I’ve read bits of Sappho before and was never impressed enough to pursue reading more. I thought someday I would but someday was in the vague and indeterminate future. Maybe it was the translation. Or the right book at the right time. Or that I didn’t think about it much, just picked it up on a whim and read it. Whatever the reason, I was awed by If Not, Winter translated by Anne Carson.

Carson seemed to just step out of the way and let Sappho and the poem fragments speak for themselves. She doesn’t try to dress them up as anything other than what they are whether it is one word or a dozen on the page. I found the ones I liked most often were among the shorter fragments. I mean, is this not gorgeous?

I would not think to touch the sky with two arms
(52)

I never imagined that the fragments could be so evocative. This one seems so sad to me:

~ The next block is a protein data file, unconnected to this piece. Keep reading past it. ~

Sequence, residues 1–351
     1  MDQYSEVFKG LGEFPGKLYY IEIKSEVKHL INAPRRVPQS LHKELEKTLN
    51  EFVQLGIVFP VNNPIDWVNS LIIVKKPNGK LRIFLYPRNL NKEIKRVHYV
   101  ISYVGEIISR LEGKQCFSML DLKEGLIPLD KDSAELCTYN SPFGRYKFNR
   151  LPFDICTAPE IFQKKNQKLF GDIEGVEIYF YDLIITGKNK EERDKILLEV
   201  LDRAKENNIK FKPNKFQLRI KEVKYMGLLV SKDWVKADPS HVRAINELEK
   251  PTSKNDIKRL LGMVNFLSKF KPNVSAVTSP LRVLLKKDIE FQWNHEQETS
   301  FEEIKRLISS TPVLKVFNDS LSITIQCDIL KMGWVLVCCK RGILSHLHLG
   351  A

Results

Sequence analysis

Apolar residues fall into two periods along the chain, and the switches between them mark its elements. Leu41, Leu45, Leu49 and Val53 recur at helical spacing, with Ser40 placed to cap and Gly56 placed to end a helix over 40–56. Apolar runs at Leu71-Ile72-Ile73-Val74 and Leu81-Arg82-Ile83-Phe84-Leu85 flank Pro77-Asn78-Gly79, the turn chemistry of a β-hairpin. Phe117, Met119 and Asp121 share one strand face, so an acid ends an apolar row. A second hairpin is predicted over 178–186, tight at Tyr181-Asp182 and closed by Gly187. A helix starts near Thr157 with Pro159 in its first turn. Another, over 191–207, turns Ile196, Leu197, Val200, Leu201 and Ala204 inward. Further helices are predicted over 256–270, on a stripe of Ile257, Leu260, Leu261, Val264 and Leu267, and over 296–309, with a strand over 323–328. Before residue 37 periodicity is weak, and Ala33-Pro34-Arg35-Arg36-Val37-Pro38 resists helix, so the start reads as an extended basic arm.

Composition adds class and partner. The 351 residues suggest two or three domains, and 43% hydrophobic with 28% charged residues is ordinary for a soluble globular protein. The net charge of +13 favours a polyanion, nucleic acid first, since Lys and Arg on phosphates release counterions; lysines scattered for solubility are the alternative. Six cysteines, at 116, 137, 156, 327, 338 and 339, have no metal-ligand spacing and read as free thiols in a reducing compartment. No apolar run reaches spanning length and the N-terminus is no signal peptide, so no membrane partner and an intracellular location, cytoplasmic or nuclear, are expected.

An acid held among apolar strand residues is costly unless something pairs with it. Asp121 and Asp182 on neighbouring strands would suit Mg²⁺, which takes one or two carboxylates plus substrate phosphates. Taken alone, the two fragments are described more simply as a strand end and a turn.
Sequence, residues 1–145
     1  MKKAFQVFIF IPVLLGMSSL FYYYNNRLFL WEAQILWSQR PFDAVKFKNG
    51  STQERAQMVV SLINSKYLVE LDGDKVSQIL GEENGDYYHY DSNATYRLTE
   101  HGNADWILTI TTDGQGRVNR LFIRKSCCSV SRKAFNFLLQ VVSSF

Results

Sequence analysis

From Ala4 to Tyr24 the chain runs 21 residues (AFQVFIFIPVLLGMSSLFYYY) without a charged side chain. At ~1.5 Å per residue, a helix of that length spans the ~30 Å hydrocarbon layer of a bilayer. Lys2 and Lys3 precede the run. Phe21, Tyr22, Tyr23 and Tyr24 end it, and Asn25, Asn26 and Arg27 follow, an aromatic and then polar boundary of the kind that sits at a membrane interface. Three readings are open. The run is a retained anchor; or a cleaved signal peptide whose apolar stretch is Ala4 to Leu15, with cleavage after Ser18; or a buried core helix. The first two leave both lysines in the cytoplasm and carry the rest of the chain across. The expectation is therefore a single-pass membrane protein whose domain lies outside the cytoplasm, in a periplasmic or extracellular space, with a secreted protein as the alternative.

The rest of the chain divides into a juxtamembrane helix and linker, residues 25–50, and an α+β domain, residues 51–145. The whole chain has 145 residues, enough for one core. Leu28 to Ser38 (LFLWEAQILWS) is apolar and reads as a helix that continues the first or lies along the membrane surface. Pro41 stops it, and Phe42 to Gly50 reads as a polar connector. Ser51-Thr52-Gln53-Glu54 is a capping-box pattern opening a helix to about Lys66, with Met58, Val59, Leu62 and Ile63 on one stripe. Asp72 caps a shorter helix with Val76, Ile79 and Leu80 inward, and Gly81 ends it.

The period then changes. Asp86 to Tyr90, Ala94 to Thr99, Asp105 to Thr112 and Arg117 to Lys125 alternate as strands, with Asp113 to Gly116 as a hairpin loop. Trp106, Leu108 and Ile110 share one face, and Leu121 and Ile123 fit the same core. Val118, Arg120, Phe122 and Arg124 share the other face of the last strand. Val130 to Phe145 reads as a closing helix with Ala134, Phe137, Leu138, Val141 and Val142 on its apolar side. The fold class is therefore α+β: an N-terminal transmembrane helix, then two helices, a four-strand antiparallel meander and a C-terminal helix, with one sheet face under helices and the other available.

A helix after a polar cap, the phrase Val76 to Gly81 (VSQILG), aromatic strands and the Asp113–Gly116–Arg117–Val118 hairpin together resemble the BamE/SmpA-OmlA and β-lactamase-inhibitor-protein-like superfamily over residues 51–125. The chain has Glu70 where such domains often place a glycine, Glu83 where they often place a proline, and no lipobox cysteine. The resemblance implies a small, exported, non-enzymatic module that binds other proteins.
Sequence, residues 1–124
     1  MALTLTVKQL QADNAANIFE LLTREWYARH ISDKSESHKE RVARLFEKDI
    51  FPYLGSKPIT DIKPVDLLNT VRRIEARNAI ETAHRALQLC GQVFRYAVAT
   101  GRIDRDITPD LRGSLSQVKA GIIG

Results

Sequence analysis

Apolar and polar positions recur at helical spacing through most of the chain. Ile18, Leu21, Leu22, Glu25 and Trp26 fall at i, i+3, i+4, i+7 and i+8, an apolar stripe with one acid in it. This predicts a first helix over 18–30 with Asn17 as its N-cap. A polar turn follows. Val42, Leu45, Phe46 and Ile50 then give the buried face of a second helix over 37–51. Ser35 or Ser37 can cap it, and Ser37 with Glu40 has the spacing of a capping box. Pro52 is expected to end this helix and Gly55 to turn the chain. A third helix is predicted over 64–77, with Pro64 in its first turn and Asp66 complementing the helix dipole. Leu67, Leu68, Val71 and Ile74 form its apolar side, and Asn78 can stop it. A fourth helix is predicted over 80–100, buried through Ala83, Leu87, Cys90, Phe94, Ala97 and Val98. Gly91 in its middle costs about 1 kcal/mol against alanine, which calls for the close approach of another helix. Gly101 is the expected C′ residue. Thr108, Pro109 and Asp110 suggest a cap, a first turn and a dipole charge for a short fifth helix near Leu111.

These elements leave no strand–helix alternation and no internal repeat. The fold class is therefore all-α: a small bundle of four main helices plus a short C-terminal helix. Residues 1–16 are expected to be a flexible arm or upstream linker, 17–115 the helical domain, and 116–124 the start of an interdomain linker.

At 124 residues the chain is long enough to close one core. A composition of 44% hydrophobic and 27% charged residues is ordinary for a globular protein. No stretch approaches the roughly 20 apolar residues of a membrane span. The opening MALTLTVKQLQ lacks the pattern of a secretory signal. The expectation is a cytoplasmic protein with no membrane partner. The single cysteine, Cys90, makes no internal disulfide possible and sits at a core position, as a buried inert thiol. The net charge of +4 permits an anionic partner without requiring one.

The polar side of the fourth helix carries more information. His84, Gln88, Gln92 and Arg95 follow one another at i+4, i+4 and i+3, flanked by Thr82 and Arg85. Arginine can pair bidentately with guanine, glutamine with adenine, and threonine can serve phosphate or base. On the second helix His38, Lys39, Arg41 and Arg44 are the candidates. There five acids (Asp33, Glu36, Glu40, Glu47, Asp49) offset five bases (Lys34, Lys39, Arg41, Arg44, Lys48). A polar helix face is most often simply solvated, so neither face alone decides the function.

I used to weave crowns
(125)

I suppose that could be part of something joyous, perhaps the crown weaver no longer weaves because she wears the crowns now. I think that is part of why Sappho is so beloved by so many. Because her poems are fragments and we have no complete context for many of them, the reader is required to fill in the gaps, to bring to the poem a piece of herself. A complete poem will tell you how to feel about it, it intentionally creates and provokes a mood or emotion. But when we are faced with this:

I long and seek after
(36)

What are we to make of it? What is being longed for and sought? It doesn’t matter, the longing and desire that oozes from the words is enough. Not having anything more makes the poem more intimate, as if Sappho knew exactly what I long for.

Reading this book filled me with pleasure and happiness. There is a certain feeling I get when I read a beautiful poem or line of prose, it is a feeling both contained and expansive. I am myself but more than myself. The air is heavy and solid but breathing is easy and I am light and floating. Does anyone else get a feeling like that? I felt it every time I sat down to read Sappho. I will definitely be reading these poems again. It is a good book to have around and just dip into now and then.